In acute care settings, occupational therapists work in program-based teams with other health care professionals in delivering assessment and intervention to a variety of clients.
Program-based teams include: medicine (neurology, oncology, hematology and general medicine), surgery (orthopedics, neurosurgery, general surgery, burns and plastics, urology, and vascular surgery), critical care/cardiac care (intensive care units, coronary care), ambulatory care (outpatient and specialty clinics) and emergency care.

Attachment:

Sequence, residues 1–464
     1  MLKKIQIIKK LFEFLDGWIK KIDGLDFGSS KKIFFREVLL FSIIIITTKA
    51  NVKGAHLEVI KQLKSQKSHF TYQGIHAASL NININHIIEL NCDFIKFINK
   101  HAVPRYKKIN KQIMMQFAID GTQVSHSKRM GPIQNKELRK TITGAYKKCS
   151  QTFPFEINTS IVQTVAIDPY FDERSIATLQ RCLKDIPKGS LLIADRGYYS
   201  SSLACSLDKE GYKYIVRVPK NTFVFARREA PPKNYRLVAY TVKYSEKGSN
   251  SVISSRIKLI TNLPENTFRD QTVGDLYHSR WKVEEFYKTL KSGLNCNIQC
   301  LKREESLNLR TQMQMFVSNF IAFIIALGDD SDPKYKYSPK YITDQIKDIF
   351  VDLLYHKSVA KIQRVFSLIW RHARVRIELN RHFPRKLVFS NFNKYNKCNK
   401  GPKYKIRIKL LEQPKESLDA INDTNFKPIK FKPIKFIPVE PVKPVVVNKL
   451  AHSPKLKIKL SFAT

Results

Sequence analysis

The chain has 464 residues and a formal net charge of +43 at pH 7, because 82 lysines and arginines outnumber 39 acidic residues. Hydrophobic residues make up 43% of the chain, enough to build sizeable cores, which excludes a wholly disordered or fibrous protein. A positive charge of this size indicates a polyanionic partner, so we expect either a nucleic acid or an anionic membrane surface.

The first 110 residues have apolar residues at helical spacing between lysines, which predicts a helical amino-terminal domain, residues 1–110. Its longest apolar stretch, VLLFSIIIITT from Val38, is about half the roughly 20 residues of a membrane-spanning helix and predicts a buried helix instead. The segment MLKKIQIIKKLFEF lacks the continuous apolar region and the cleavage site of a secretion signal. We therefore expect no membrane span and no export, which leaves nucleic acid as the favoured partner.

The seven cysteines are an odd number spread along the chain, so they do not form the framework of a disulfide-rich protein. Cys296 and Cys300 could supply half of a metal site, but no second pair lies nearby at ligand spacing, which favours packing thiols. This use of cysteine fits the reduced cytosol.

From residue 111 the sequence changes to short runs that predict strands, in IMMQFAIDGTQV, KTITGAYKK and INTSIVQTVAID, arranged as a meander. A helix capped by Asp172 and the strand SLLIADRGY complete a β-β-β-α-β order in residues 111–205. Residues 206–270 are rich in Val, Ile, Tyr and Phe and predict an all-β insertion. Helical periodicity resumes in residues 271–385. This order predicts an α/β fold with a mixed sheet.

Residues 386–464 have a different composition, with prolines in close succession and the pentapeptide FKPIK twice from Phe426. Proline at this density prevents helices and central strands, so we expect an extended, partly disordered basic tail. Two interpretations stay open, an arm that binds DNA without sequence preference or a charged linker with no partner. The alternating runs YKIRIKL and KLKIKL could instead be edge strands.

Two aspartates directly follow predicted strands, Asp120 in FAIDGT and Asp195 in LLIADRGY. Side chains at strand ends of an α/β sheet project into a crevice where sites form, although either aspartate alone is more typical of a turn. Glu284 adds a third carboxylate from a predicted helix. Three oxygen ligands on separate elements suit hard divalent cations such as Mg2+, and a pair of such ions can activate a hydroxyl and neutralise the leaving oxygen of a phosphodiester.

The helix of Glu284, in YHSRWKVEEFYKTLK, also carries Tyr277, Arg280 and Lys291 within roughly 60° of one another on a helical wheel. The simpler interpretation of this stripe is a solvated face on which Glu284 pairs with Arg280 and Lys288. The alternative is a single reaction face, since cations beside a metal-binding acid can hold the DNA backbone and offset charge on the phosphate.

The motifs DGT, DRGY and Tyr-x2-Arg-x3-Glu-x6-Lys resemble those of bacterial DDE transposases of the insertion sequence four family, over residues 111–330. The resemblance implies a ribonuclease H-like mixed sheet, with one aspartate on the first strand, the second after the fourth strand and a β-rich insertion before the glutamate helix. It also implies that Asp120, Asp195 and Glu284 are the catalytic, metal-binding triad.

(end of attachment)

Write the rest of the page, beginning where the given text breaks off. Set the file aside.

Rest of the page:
Occupational Therapy Role in Acute Care
The occupational therapy role in acute care emphasizes discharge planning. This involves evaluation of activities of daily living (i.e., bathing, dressing) and home safety assessments (i.e., kitchen assessments, tub/toilet transfer assessments) to determine a person’s independence with these tasks. Recommendations may be made by the occupational therapist regarding education, equipment and/or supports that may be required to ensure a person’s safe and independent function upon discharge.
Occupational therapists in acute care also provide assessment and intervention regarding wheelchair seating, positioning, splinting, assistive devices, and education. As appropriate, occupational therapists initiate referrals for further rehabilitation or follow-up care with other health centres or community agencies.